An old Chinese proverb speaks to the challenge of building bridges.
Imagine a steep chasm that divides a path. There are people on either side, but they cannot cross. Worse, none of the trees on either side are tall enough to span the divide. So what is to be done?
If people will bend a tree on either side, then lash their ends together, a bridge can be formed. However, it won’t be sufficient for the sides to “meet each other half way.” Instead, it is necessary to extend beyond the middle so that there will be enough of each tree to be lashed together, thus providing strength to the bridge.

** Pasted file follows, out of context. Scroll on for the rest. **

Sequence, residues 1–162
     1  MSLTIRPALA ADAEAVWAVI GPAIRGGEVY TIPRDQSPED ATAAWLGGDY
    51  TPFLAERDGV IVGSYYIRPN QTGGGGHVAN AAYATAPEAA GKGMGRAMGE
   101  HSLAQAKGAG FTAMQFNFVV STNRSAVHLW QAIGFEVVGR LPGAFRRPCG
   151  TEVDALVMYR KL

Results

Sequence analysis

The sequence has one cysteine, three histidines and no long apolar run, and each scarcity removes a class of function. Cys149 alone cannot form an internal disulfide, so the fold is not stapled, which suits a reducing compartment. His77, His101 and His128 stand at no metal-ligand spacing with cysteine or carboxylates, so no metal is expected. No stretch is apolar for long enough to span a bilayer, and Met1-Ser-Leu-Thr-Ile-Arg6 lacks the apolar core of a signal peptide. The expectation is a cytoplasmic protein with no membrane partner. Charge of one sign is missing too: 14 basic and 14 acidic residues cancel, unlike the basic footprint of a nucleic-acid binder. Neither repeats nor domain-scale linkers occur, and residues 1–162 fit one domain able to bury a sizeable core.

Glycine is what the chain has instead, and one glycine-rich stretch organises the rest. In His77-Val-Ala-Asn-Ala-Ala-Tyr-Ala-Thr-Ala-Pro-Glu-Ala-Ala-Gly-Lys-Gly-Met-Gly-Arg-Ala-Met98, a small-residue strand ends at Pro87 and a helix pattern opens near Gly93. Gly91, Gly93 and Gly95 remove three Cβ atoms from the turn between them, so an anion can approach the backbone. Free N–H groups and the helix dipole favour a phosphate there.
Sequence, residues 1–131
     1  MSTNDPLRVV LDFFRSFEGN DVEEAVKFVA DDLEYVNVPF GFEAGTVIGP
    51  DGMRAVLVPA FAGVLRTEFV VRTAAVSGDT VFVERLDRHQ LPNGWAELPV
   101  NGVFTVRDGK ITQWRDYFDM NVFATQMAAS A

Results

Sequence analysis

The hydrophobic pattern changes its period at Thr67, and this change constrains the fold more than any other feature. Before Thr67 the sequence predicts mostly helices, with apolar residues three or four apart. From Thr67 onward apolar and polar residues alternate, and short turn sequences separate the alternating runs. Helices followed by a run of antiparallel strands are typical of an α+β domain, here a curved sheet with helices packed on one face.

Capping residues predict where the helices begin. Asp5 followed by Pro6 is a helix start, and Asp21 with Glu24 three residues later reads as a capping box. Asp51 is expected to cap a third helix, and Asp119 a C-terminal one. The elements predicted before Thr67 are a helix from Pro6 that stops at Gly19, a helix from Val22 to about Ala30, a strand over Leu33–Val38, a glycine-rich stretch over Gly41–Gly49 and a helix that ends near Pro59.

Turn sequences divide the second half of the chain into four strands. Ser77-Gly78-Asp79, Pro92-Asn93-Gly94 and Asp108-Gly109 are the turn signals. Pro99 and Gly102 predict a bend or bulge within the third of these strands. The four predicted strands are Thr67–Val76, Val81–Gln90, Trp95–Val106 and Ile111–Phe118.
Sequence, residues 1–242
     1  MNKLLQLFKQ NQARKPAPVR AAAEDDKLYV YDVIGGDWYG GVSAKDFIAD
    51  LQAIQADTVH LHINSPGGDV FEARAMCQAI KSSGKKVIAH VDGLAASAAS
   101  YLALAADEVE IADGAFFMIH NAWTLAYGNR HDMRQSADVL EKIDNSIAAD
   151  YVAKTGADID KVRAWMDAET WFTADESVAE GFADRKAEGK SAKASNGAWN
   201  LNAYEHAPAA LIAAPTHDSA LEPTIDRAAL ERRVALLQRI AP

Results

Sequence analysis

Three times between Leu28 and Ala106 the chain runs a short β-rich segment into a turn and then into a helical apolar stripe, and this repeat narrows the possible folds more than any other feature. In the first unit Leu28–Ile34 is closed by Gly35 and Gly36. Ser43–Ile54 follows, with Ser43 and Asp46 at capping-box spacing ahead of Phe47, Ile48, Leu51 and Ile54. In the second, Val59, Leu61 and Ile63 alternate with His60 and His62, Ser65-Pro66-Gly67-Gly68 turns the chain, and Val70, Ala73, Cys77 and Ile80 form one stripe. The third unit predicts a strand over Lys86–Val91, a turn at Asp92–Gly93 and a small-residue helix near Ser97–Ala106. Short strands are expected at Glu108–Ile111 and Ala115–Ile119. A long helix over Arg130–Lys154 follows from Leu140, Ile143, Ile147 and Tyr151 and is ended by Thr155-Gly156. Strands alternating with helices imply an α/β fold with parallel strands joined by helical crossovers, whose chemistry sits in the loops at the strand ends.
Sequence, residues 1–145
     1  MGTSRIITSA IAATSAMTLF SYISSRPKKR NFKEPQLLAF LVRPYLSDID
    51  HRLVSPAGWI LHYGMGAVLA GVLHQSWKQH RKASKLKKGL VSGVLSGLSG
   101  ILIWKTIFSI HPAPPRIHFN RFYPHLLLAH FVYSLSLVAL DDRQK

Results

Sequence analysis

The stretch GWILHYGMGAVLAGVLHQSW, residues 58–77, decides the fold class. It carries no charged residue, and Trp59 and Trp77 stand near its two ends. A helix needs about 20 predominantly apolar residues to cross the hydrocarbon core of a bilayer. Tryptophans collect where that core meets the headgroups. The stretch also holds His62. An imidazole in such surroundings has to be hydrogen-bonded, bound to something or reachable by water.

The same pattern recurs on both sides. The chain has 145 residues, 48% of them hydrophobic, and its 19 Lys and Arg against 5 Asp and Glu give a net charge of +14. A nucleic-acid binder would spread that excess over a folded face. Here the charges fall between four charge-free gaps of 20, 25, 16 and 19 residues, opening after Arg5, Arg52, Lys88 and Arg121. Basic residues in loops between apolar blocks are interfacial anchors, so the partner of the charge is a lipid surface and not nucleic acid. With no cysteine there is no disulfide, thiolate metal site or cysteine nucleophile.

So it is with the presidential contest in the US. No matter which candidate wins the election, each side of this dangerous chasm that now sits between a nation divided must contribute to building a bridge to reunite us.
Each of us must consider ourselves culpable for allowing this chasm to form. How many times, confident of our own moral high ground, did we fail to listen to the cries of the other? How many times did we turn a deaf ear to the disenfranchisement that only deepened our mutual divide?
As we enter the harvest season, let us recall the bounties we each possess and those our neighbors do not. Remember: more often than not what we really need we do not already possess, but can only be obtained by binding our fate to our neighbors’.
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